Judge dismisses Louisiana Chemical Association lawsuit challenging business tax change

    Lawmakers properly passed a tax change aimed at raising $103 million to balance the state’s budget, a judge ruled today in dismissing a lawsuit by the Louisiana Chemical Association.

    As The Associated Press reports, the LCA argued that the temporary suspension of a one-cent sales tax exemption on business utilities didn’t receive the required votes for passage in the state House of Representatives and was unconstitutional. State District Judge Michael Caldwell disagreed.

    “I think the procedure for adoption for this concurrent resolution was in accordance with the constitution,” he said after hearing arguments from both sides.

    After the decision was issued, chemical association lawyers refused to comment to The AP on the ruling and didn’t say whether they intended to appeal.

    Lawmakers scaled back dozens of tax breaks earlier this year to generate more money for the state treasury and stop deep cuts to public health care services and colleges. Suspension of the business utility tax break expires in August 2016.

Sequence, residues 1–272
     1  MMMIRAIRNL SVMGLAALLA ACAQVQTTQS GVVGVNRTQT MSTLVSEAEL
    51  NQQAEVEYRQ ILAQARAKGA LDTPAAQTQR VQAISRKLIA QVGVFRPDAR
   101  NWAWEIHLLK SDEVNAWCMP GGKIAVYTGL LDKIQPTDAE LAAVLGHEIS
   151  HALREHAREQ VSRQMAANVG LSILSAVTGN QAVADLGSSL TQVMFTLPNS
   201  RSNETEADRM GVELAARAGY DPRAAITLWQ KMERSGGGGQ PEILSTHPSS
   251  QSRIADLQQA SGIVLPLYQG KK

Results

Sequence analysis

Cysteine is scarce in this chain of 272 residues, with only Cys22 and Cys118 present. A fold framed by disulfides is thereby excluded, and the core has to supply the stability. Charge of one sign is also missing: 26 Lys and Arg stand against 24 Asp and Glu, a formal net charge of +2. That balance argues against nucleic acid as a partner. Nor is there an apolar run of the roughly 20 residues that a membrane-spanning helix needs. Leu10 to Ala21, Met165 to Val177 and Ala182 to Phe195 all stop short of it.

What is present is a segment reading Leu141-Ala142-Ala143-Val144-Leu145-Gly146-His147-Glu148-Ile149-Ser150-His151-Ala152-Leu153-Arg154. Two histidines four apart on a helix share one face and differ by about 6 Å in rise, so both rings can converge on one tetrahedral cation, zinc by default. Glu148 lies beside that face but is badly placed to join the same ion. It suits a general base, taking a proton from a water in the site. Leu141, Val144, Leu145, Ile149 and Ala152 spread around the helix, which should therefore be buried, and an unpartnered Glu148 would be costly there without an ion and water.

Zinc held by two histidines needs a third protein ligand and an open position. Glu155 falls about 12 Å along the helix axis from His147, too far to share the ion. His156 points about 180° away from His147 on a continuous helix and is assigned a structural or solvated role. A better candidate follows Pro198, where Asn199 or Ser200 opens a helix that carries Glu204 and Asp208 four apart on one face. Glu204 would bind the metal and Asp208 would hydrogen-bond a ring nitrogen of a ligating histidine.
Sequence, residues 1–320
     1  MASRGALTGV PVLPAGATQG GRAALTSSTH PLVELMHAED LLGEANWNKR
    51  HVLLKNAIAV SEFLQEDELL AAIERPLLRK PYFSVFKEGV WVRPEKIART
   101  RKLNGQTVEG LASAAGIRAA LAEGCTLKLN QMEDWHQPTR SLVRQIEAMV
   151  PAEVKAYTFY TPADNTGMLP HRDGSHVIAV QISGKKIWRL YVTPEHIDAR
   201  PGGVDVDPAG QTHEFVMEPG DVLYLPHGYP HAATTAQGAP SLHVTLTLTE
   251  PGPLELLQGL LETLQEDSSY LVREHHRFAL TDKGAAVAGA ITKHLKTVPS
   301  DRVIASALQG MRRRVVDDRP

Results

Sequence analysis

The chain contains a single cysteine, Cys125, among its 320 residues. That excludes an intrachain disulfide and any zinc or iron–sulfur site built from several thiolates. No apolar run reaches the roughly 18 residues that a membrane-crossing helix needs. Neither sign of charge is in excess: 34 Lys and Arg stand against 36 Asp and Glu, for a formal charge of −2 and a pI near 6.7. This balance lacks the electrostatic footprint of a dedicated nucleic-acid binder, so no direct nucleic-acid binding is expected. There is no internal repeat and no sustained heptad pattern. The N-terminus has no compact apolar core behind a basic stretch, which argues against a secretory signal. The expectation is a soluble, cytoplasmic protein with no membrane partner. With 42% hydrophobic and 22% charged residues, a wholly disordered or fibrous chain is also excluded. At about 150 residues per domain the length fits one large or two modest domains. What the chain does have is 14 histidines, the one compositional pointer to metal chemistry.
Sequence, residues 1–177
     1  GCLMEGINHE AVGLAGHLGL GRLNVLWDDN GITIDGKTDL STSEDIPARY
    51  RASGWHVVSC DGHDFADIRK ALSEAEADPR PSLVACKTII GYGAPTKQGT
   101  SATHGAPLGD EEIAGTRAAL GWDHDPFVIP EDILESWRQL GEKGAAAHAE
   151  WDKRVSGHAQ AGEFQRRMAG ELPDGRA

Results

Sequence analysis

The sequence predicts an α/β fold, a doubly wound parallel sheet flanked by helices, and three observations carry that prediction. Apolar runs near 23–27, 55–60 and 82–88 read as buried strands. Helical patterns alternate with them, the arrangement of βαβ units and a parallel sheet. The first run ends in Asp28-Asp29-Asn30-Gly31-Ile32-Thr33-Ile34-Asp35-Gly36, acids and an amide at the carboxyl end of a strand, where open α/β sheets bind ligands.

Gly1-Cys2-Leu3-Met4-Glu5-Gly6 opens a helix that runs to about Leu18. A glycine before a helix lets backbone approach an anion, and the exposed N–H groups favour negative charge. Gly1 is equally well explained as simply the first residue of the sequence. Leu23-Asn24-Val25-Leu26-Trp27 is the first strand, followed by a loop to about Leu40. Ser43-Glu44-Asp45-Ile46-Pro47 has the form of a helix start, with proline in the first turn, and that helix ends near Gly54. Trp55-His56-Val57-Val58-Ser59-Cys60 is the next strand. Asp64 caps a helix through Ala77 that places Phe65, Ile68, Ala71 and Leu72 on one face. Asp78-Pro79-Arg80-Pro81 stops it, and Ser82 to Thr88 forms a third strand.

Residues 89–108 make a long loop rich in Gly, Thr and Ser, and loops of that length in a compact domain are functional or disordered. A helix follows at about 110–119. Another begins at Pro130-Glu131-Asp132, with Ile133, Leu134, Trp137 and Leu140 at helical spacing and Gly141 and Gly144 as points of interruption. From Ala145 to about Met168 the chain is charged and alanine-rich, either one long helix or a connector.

The suspension amounts to a short-term tax increase that heavily hits chemical plants. The chemical association, which represents companies that operate 108 plants across Louisiana, sought to have the legislation declared unconstitutional because it didn’t receive support from two-thirds of House lawmakers.

    The House and Senate took two votes each to pass the legislation. Both times, the Senate had more than a two-thirds vote for the measure. The House never reached that mark, which would have been 70 votes. The first House vote May 7 was 63-41, and final passage came with a 60-42 House vote June 11.

    Caldwell said the Louisiana Constitution allows for the suspension of a law with the same votes as the law was passed. Since the tax break didn’t need a two-thirds vote to pass, the suspension of it doesn’t need a two-thirds vote, he said.

    It’s unclear if the tax break suspension will generate as much money as expected. At a recent state income forecasting panel meeting, the Legislature’s economist said fewer business utility sales taxes were being paid than had been projected.

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